The lack of participation among 22 of the 29 hedge funds on Twitter suggests a lack of a strategic plan for how to use social media. Indeed, all but four of these Twitter accounts were launched prior to any JOBS Act legislation. Hedge funds are slowly coming to terms with the importance of social media. Many fund managers are shocked to find out how often their firm is mentioned on Twitter, yet they lack the experience to engage. “We can no longer keep our head in the sand,” said the manager of a billion-dollar credit fund who plans to join Twitter. We also looked at LinkedIn, where hedge funds are more visible. Here, 66% of the largest hedge funds have a LinkedIn page. Of these 188 funds on LinkedIn, only six have posted any updates, and only four post more than 10 times a month. The 188 funds collectively manage $1.24 trillion and have an average of 2,305 followers – each one representing a prospective investor, employee or journalist. Every decision not to post content is a missed opportunity to engage – a wasted opportunity to establish expertise or deepen a relationship. Social media can be an effective tool if used properly. We expect to see more hedge funds using social media platforms to establish thought leadership, share insights and improve their digital profile.


An expanding web presence

A website should be a focal point of any organisation’s communication strategy. This includes hedge funds, which have grown accustomed to operating in secrecy. Thanks to the JOBS Act, that is now showing early signs of change. We looked at Absolute Return’s 2014 rankings of the largest 100 hedge funds in the world and found that 91% of them now have websites, including 90.6% (87/96) of US-based hedge funds.[5]


Among these 87 funds, 48.3% have closed or simple splash pages[6] and 6.9% have basic or very simple pages.[7] That means a majority of US hedge funds, 55.2%, have simplistic websites that provide little more than a logo. Extending this sample size to look at hedge funds with $1-$5 billion in assets, 77.5% (141/182) of US hedge funds have websites. Again we see the majority of them, 65.2%, have simple websites. However, change is happening. In 2013, only 44 out of the 185 global hedge funds with $1-$5 billion in assets had websites (23.8%).[8] By June of 2014, an additional 39 funds launched websites for the first time, and 11 more moved from a closed site to a more open site, according to a Peppercomm survey. Although these mid-sized funds may not have as many marketing resources, they are beginning to understand the importance of a website. In addition to basic firm information and team bios, websites can also provide a controlled means to distribute content relevant to a firm’s strategy, thus helping to establish the firm as a thought leader.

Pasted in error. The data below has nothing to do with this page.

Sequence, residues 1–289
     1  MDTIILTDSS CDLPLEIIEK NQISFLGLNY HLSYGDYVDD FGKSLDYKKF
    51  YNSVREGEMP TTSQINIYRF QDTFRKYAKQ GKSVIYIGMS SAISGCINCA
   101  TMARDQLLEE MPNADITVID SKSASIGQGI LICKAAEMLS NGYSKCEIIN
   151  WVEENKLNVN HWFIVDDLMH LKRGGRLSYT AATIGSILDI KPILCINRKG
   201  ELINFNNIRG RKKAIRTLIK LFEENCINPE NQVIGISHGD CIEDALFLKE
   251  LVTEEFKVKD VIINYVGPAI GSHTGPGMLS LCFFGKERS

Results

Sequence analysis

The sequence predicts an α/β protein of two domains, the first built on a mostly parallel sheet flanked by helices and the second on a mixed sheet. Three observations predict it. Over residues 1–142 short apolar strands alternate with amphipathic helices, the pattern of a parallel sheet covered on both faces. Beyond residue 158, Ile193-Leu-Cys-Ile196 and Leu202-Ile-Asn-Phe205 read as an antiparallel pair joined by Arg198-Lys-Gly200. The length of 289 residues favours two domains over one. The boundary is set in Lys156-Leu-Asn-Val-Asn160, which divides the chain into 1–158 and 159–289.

Of the 87 largest US-based hedge funds with websites, 37.9% had newsroom components and 31.9% showed indications of thought leadership. Hedge funds in the $1-$5 billion range are also generating content – 23.6% have newsroom components and 15% are acting as thought leaders.


Read all about it

Media attention towards hedge funds is at record levels. We forecast “hedge fund” mentions in all media will top 100,000 articles in 2014 and will reach a record high above 35,000 mentions in top-tier financial media.[9] That’s up nearly five-fold over the last decade and holding at record levels over the past few years.


The media have always been fascinated with hedge funds. Big performance numbers, blow-ups, insider trading, big compensation, colourful characters, aggressive investment strategies and the mystique of the industry make for a potent media cocktail.


Part of this growth can be attributed to the media’s endless demand for content. But the growth is also a clear reflection of the hedge fund industry’s increasing importance and visibility. As hedge funds diversify business lines, launch more mainstream products and initiate activist programmes – and as their AUMs grow – more press follows.


“It’s massively different working with hedge funds than it was 10 years ago,” said one veteran reporter. “And I’m seeing changes in the last year – a little more open to talking with the press and a more strategic interest in engaging – though certainly that’s not across the board. Some managers continue to have zero interest in engaging with us.” But for others, the way is clear. According to one well-known firm: “Institutional investors are headline risk-sensitive, so building a strong brand is necessary to play defence. The more successful you are the more headline risk you have, so it’s important to be proactive.”